Fresh Ink offers the opportunity to “eavesdrop” on the vibrant visual dialogue between today’s artists and established masters. By bridging eras—from the 11th century BC to the 21st century AD—and bringing people together from Beijing to Boston and beyond, the exhibition will present the venerable tradition of Chinese art anew, offering to global audiences a fresh encounter that goes beyond the preconceptions of traditional and contemporary, East and West.

CATALOGUE
Accompanying the exhibition is the catalogue Fresh Ink: Ten Takes on Chinese Tradition (MFA Publications, 2010), which features an introductory essay by Hao Sheng, the MFA’s Wu Tung Curator of Chinese Art, and 10 artist profiles by Sheng and curatorial research associates Yan Yang and Joseph Scheier-Dolberg. The 208-page soft-cover catalogue is available for $40 in the MFA Bookstore and Shop or at /publications.

ARTIST OVERVIEWS
Below is an overview of the artists and their new works, as well as the corresponding masterpieces from the MFA collection. Please see Artist Biographies in the media kit for additional information.

Arnold Chang

  • Born in 1954 in New York, where he currently resides
  • MFA masterpiece: Number 10 (1949) by Jackson Pollock (1912–1956)
  • Artist’s response: a landscape handscroll, Secluded Valley in the Cold Mountains (Collection of the Artist, 2008), and a preparatory sketch, Brushwork Study for Reorienting Pollock (Collection of the Artist, 2008)

Li Huayi

  • Born in 1948 in Shanghai, lives in San Francisco
  • MFA masterpiece: Nine Dragons (1244), a handscroll by Chen Rong (first half of the 13th century)
  • Artist’s response: Dragon Amidst Mountain Ridges (Collection of Akiko Yamazaki and Jerry Yang, 2009), a six-panel screen and a central hanging scroll

Li Jin

  • Born in 1958 in Tianjin, where he still resides
  • MFA masterpiece: Northern Qi Scholars Collating Classic Texts (11th century), traditionally attributed to Yan Liben (about 600–673)
  • Artist’s response: Handscrolls, A New Take on Scholars Collating Classic Texts (Collection of the Artist, 2009) and hanging scrolls, Reminiscence to Antiquity I–VII (Promised Gift by the Artist, 2009)

Liu Dan

  • Born in 1953 in Nanjing, now resides in Beijing
  • MFA masterpiece: Honorable Old Man Rock (Rosenblum Family Collection, 17th century)
  • Artist’s response: Nine life-sized portraits, each reflecting a different angle, titled Illusions of the Old Man Rock I–IX (The Xiling Collection, 2009), and a handscroll of imagined landscape, Ten Different Views of the Honorable Old Man, (Collection of the Artist, 2009)

Liu Xiaodong

  • Born in 1963 in Liaoning Province, now lives in Beijing
  • MFA masterpiece: Erlang and his soldiers driving out animal spirits (Ming dynasty, 15th century)
  • Artist’s response: Painting, What to Drive Out? (MFA, Boston, 2008), with commentary written as colophons by nine teenagers from the Boston area. (Liu discusses his work in a podcast available on the MFA’s website, /files/podcasts/liuxiaodong.m4v)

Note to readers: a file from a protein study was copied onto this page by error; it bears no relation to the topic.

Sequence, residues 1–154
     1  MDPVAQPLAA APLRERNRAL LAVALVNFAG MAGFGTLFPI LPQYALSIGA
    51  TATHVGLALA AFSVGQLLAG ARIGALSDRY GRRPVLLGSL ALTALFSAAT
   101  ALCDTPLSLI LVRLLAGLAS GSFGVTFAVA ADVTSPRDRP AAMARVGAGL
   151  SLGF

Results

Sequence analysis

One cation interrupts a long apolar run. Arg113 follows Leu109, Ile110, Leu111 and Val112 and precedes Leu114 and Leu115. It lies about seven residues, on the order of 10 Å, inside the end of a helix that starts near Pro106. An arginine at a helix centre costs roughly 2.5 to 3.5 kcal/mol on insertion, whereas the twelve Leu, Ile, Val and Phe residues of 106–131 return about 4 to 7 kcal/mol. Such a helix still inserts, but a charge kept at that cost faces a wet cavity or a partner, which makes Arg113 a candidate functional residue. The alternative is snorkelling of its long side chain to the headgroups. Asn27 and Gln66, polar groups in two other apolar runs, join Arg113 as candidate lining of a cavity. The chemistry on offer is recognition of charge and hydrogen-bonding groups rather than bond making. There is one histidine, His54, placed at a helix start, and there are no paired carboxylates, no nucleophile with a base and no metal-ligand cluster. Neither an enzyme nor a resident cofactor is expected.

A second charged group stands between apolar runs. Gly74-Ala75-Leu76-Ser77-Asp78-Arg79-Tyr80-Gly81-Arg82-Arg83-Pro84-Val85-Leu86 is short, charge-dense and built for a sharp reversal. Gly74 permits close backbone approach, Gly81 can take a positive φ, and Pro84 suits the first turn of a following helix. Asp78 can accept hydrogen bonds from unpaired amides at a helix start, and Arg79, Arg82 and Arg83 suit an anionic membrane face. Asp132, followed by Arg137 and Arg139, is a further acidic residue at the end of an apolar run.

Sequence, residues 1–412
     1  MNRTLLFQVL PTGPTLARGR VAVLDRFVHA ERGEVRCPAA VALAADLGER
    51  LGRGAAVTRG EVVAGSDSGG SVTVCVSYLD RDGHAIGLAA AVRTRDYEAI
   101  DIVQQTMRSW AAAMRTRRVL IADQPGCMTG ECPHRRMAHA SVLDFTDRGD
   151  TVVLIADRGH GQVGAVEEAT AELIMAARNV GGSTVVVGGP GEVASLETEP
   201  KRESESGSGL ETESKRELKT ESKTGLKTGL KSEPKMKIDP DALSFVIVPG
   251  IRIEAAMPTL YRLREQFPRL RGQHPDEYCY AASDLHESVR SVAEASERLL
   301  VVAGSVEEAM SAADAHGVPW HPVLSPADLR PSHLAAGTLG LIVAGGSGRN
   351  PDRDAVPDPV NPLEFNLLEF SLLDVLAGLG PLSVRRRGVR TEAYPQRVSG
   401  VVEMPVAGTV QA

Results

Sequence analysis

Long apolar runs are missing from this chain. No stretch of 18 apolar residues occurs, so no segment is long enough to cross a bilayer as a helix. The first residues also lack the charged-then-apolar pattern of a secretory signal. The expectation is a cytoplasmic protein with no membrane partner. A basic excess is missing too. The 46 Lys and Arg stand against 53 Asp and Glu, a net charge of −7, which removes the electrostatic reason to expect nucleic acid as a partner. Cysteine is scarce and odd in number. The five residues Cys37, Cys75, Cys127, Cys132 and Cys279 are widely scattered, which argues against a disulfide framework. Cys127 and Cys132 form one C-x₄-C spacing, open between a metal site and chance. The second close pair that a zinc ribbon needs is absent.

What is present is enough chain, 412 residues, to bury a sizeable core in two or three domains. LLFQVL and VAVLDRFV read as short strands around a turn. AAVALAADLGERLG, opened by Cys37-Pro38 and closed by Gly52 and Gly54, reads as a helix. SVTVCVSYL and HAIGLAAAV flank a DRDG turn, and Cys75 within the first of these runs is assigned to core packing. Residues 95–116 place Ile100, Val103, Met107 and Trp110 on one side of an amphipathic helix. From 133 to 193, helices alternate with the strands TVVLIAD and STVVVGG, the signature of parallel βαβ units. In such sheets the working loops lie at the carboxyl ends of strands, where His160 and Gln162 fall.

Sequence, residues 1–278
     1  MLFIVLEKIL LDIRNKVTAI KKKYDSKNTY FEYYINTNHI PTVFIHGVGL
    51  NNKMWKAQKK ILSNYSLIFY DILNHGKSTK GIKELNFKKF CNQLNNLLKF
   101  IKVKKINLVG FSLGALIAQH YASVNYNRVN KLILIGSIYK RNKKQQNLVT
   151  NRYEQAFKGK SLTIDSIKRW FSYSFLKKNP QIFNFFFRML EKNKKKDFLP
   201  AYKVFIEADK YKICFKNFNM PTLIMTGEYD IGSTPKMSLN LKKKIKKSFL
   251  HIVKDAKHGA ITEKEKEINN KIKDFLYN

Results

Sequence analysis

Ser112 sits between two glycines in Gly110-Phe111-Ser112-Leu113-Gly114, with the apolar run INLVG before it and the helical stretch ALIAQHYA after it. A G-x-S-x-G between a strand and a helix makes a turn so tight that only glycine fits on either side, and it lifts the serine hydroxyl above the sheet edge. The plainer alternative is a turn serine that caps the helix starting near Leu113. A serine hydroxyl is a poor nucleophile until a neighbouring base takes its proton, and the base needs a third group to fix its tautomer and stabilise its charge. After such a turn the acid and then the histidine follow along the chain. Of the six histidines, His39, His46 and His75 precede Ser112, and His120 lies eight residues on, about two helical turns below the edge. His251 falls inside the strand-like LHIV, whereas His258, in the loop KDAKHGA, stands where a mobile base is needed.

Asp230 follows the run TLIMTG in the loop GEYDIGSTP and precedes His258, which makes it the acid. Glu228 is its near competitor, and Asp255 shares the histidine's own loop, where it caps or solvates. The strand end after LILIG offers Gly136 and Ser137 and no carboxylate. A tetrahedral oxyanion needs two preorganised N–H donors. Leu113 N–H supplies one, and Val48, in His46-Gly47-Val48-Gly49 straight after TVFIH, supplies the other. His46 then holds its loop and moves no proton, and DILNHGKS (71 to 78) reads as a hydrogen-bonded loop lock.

Qin Feng

  • Born in 1961 in Xinjiang Province, resides in Chelsea, MA, and Beijing
  • MFA masterpiece: Fangyi-shaped Ritual Vessel (Late Shang dynasty to early Western Zhou dynasty, 11th century BC)
  • Artist’s response: Installation of large folding books and hanging scrolls, Civilization Landscape (Collection of the Artist, 2009)

Qiu Ting

  • Born in 1971 in Guangdong, resides in Beijing
  • MFA masterpiece: Whiling Away the Summer by a Lakeside Retreat (1100) by Zhao Lingrang (late 11th–early 12th century)
  • Artist’s response: Handscroll, Visit to the Eight Great Sites (Gift by Qiu Ting, 2009)

Xu Bing

  • Born 1955 in Chongqing, lives in Beijing
  • MFA masterpiece: the Mustard Seed Garden Manual of Painting (1923 edition based on its first edition published in late 17th century)
  • Artist’s response: Printed scroll, Mustard Seed Garden Landscape Scroll (Promised Gift by the Artist, 2009)

Yu Hong

  • Born in 1966 in Xian, lives in Beijing
  • MFA masterpiece: Court Ladies Preparing Newly Woven Silk (early 12th century), attributed to Emperor Huizong (1082–1135)
  • Artist’s response: Painting, Spring Romance (Collection of the Artist, 2009)

Zeng Xiaojun

  • Born in 1954 in Beijing, where he lives
  • MFA masterpiece: Handscroll, Nine Dragons (1244) by Chen Rong
  • Artist’s response: Handscroll, Nine Trees (Collection of the Artist, 2009) and painted panels in a zitan wood screen, titled Dragon Screen (Collection of the Artist, 2009)
  • ADDITIONAL INFORMATION/IMAGES
    Please contact Amelia Kantrovitz, 617.369.3447, akantrovitz@mfa.org for more information about the exhibition, or for digital photography.

    The Museum of Fine Arts, Boston (MFA), is recognized for the quality and scope of its encyclopedic collection, which includes an estimated 450,000 objects. The Museum’s collection is made up of: Art of the Americas; Art of Europe; Contemporary Art; Art of Asia, Oceania, and Africa; Art of the Ancient World; Prints, Drawings, and Photographs; Textile and Fashion Arts; and Musical Instruments. Open seven days a week, the MFA’s hours are Saturday through Tuesday, 10 a.m. – 4:45 p.m.; Wednesday through Friday, 10 a.m. – 9:45 p.m. The Museum is closed on New Year’s Day, Patriots’ Day, Independence Day, Thanksgiving, and Christmas. For general visitor information, visit the MFA website at or call 617.267.9300.